While Lithuania leads among the Baltic states in the number of doctoral students and people with degrees, a number of indicators suggest that the country's education system is in poor health, experts say.

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© DELFI / Andrius Ufartas

Two-thirds of people aged 30-34 in Lithuania have university degrees, ahead of many European countries and the others Baltic states, Latvia and Estonia, where the share is just over 40%, according to the Research and Higher Education Monitoring and Analysis Centre (MOSTA).

However, Lithuania also has the highest share of students under 29 years old, which suggests that there is little life-long learning.

"Lithuanians are not inclined to study all their life. Essentially, they treat higher education as a stepping stone for their careers. They enrol in universities right after school graduation and don't go back afterwords, as suggested by life-long learning indicators. For instance, there are twice more students over 30 in Estonia than in Lithuania," says MOSTA expert Tadas Juknevičius.

Moreover, Lithuanian students more often divide their attention between studies and work. Over half of undergraduate students at Lithuanian colleges and over two-thirds at universities have day-time jobs during their studies, which negatively affects their results. As many as 75% of students in master programmes have jobs.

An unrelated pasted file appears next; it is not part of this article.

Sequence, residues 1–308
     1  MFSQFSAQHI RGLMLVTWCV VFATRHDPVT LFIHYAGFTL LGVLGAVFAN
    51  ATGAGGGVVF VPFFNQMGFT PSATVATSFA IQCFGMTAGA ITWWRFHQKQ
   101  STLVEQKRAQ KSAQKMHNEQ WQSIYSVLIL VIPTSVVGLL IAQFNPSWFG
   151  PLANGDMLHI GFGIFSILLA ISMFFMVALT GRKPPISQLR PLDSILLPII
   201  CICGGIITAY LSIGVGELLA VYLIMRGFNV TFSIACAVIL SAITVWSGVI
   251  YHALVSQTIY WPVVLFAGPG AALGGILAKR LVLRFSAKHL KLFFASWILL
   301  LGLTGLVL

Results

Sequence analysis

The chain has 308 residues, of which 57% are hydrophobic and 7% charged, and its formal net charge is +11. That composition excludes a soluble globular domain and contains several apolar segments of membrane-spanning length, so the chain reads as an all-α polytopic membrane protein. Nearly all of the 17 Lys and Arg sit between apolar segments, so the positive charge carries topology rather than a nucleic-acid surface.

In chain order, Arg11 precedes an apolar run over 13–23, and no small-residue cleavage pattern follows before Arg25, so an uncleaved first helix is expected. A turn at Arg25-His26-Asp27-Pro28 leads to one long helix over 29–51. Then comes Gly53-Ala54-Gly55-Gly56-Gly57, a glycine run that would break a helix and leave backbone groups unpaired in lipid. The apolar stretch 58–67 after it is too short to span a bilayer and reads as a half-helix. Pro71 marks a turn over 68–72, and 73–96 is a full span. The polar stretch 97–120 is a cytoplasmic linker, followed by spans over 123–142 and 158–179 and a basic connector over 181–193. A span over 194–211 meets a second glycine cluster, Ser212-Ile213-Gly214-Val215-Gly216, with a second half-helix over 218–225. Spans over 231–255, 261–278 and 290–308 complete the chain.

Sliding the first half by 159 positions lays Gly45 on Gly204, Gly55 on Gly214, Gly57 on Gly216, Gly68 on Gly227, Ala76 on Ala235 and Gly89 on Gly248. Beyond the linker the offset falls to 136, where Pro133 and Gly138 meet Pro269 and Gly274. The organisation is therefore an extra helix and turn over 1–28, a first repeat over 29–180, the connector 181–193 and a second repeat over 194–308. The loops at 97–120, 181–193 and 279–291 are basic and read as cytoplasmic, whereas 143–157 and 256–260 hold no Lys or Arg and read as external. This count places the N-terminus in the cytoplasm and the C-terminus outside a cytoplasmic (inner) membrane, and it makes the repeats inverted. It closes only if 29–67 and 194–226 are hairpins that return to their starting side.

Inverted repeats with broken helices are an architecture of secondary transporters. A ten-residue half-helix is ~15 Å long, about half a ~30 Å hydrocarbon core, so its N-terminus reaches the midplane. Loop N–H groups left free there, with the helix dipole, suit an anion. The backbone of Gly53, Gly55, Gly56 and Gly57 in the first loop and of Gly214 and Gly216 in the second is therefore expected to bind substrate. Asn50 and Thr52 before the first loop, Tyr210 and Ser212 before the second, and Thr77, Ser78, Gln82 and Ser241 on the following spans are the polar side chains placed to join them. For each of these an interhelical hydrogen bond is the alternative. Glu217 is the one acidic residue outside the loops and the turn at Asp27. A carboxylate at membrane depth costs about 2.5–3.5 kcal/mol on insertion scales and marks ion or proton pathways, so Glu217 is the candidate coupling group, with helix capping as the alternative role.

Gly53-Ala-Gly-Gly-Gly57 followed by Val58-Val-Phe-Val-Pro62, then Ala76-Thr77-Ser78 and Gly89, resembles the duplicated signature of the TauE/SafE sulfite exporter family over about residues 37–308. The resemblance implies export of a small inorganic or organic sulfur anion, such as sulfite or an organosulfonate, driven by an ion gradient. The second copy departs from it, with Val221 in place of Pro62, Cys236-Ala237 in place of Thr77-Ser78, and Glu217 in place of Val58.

Although Lithuania has more doctoral students than Latvia and Estonia, their achievements are less than impressive, experts add.

"We have great many researchers, but in terms of publications, international cooperation and other indices we are behind Estonia. Latvians, too, are making great progress, their growth is much faster than ours in Lithuania," according to Juknevičius.

Many students, aware that a university degree will be essential for their careers, care about little else than graduating, which brings down the quality of education.

"If some of the people came to university not to earn a diploma, but to gain knowledge, the situation would change," says Kaunas University of Technology rector Petras Baršauskas. "As things are today, the higher education system is geared towards quantity, not quality."

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